Category Archives: Dance

Zero Hour: Tokyo Rose’s Last Tape at REDCAT

From Thursday, February 26 to Saturday, February 28, REDCAT, CalArt’s Downtown Center for Contemporary Arts, will presents Zero Hour: Tokyo Rose’s Last Tape, a multimedia theater work conceived, written and directed by internationally renowned artist Miwa Yanagi.

this is a must see event!

YanagiAT13_1016 courtesy of  Aichi Triennale 2013  photo by Naoshi Hatori

In the midst of WWII, the voice of a female announcer on Radio Tokyo, Japan’s state-run international radio service, reached the ears of U.S. troops stationed in the South Pacific. The broadcast announcements were made by not one, but several Japanese-American women, ordered to work on air by the Japanese Imperial Army. Their voices, aired during an entertainment program, The Zero Hour, were immediately and wildly popular with the US Troops based, who soon began referring to the announcers collectively as Tokyo Rose.’

TicketsZero Hour: Tokyo Rose’s Last Tape, inspired by actual events, traces the story of and the search for the true Tokyo Rose and examines the case of a young Japanese-American woman who was stranded in Japan during WWII, forced to serve as a broadcaster for the propaganda radio program and subsequently tried for treason by the United States.

This historic incident is visually reimagined with dynamic redcat logoprojections, and iconic imagery from the rich body of photographic work by artist Miwa Yanagi, who takes audiences inside the multifaceted story of a woman caught between two nations during and in the wake of WWII. Tokyo Rose marks Miwa Yanagi’s North American debut as a theater artist, and is touring to the Kennedy Center in Washington, The Japan Society in NY and Toronto and REDCAT in Los Angeles.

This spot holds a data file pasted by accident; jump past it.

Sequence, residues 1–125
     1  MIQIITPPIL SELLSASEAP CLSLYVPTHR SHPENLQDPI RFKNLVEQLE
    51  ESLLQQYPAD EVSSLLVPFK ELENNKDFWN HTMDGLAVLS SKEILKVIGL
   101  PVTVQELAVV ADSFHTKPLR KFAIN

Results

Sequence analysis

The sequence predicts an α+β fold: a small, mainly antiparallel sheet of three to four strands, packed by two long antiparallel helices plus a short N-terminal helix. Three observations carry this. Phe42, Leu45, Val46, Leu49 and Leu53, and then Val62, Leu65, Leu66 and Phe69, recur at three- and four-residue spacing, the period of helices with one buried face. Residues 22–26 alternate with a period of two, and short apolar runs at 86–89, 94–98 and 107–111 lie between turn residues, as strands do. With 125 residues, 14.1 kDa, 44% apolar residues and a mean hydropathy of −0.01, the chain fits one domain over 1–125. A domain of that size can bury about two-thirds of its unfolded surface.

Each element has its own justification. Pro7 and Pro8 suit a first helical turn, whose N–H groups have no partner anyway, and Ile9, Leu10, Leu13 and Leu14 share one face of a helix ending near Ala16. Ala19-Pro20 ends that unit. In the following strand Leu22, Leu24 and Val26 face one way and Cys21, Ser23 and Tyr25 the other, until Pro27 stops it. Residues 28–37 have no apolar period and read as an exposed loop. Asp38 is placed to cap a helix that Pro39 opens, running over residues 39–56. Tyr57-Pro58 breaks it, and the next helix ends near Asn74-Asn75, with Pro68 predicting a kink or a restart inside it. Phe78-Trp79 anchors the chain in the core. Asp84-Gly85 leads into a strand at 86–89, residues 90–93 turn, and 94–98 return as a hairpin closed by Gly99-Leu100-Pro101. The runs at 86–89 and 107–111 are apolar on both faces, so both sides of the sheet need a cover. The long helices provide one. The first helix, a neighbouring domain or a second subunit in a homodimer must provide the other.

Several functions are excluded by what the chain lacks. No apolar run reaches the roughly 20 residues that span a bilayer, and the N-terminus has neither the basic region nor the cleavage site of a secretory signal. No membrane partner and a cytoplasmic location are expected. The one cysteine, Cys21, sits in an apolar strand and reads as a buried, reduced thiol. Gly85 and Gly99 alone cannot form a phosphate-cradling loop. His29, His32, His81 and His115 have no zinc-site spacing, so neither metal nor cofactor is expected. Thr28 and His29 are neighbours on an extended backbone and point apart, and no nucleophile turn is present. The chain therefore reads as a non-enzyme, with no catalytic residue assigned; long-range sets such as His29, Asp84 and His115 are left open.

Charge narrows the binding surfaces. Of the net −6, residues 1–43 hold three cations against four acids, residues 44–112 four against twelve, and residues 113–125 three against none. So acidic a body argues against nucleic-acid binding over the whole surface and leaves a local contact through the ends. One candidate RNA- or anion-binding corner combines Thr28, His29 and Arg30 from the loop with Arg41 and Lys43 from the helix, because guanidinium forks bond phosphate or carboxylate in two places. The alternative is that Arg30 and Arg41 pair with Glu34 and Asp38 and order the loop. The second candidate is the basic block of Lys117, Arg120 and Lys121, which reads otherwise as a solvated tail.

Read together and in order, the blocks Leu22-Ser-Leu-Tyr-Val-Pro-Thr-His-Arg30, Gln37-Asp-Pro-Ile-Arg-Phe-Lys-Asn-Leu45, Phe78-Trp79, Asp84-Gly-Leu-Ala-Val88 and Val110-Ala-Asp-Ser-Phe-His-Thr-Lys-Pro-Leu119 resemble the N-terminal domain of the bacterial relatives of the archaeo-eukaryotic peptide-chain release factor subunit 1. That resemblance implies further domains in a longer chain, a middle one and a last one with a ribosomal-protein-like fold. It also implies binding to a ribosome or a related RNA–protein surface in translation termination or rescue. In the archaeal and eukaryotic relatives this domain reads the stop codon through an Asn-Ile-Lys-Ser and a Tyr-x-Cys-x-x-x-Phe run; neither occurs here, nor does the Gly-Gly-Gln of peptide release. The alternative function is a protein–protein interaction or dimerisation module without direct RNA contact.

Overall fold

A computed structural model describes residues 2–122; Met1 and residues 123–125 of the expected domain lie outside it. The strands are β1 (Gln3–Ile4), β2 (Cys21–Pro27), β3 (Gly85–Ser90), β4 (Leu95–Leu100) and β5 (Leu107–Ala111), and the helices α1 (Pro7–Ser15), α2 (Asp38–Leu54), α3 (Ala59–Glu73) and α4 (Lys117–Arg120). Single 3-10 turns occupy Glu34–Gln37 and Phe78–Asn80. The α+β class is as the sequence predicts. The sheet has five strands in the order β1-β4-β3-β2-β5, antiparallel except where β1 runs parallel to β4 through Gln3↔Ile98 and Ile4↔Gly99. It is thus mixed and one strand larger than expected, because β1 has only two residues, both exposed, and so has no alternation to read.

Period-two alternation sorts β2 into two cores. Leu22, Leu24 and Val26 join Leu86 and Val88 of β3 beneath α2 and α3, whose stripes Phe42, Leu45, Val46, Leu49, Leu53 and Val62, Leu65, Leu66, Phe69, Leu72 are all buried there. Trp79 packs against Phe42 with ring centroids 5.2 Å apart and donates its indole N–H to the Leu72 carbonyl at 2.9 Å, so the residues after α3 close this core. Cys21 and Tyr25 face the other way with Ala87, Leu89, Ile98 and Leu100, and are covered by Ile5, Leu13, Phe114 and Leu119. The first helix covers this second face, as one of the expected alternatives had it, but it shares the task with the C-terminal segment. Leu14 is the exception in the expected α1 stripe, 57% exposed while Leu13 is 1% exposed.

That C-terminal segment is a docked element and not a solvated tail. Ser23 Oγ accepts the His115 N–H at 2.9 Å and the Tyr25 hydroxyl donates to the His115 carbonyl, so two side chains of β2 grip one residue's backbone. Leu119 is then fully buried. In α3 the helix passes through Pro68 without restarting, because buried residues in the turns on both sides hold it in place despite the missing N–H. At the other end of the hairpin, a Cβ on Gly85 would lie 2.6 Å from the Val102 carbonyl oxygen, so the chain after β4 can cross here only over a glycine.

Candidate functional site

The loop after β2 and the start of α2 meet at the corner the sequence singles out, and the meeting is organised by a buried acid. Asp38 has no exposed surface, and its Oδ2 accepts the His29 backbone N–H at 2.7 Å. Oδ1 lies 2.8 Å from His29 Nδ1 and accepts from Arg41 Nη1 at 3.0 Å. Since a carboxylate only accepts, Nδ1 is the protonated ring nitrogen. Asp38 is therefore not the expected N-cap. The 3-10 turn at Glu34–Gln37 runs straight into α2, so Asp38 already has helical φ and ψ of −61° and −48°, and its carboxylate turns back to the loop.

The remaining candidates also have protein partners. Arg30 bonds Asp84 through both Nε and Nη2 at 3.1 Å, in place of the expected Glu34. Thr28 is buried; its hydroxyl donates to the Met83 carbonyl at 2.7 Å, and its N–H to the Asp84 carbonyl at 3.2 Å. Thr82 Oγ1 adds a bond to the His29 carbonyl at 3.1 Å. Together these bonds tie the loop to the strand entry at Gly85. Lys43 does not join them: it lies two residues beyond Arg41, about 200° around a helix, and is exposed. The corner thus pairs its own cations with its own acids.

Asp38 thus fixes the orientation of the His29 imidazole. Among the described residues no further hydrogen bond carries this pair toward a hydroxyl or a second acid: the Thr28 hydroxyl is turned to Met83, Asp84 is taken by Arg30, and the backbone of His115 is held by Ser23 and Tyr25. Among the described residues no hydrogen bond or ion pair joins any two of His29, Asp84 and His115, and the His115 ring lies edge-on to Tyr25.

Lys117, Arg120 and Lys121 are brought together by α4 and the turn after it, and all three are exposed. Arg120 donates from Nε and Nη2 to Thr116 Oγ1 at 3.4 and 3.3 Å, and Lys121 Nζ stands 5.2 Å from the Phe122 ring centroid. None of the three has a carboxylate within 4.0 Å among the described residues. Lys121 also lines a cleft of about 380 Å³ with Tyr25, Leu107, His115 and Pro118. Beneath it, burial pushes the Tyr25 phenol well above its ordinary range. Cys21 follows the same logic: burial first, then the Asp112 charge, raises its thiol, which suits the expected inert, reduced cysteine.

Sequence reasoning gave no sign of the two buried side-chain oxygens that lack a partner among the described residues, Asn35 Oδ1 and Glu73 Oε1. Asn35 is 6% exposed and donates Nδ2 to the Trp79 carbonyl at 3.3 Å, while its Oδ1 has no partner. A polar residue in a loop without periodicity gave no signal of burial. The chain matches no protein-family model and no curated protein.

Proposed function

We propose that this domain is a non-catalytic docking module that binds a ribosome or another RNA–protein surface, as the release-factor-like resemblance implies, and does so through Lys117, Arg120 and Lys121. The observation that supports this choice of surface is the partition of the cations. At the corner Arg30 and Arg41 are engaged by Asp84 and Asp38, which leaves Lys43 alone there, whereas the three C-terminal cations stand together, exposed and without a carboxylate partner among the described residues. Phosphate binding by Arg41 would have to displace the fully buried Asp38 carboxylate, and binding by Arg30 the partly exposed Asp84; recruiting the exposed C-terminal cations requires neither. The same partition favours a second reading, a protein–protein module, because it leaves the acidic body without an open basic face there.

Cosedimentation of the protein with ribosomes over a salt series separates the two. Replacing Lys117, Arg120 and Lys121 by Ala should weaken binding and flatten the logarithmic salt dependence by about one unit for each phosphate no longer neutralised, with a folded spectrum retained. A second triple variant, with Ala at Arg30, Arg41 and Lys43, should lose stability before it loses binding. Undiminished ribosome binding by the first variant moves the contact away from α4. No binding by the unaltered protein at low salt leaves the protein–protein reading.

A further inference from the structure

YanagiAT13_2156-1 courtesy of  Aichi Triennale 2013  photo by Naoshi Hatori

Los Angeles native Iva Toguri is the most famously-linked name behind the Tokyo Rose persona. Toguri was raised in Los Angeles and graduated from UCLA, but was stranded in Japan because she was visiting her family when the war broke out. Toguri’s prominence saw her branded as one of the war’s most notorious propagandists, but evidence shows that she was not a Japanese sympathizer. Toguri’s program became conflated with more vicious propaganda, and she was arrested and convicted of treason after the Japanese surrender. She was released from prison in 1956, but it would take more than 20 years before she finally received an official presidential pardon for her role in the war.

Miwa Yanagi was born in Kobe, Japan and completed postgraduate courses at Kyoto City University of Arts. Known primarily as a contemporary photographer and video artist, in recent years she has expanded her work into performance art and theater. Hailed by The New York Times as a veteran on the art fair circuit, Miwa Yanagi employs computer graphics and special effects in her intricate visual pieces, and her theatrical works incorporate images from her visual artwork. Yanagi’s elaborate creations communicate themes of femininity/gender, aging, employment and body image.

Zero Hour: Tokyo Rose’s Last Tapeis written and directed by Miwa Yanagi
Performed in English and Japanese with English subtitles

Set and Costume Design by Miwa Yanagi.
Set Construction Design by Torafu Architects.
Choreography by Megumi Matsumoto.
Lighting Design by Akane Ikebe.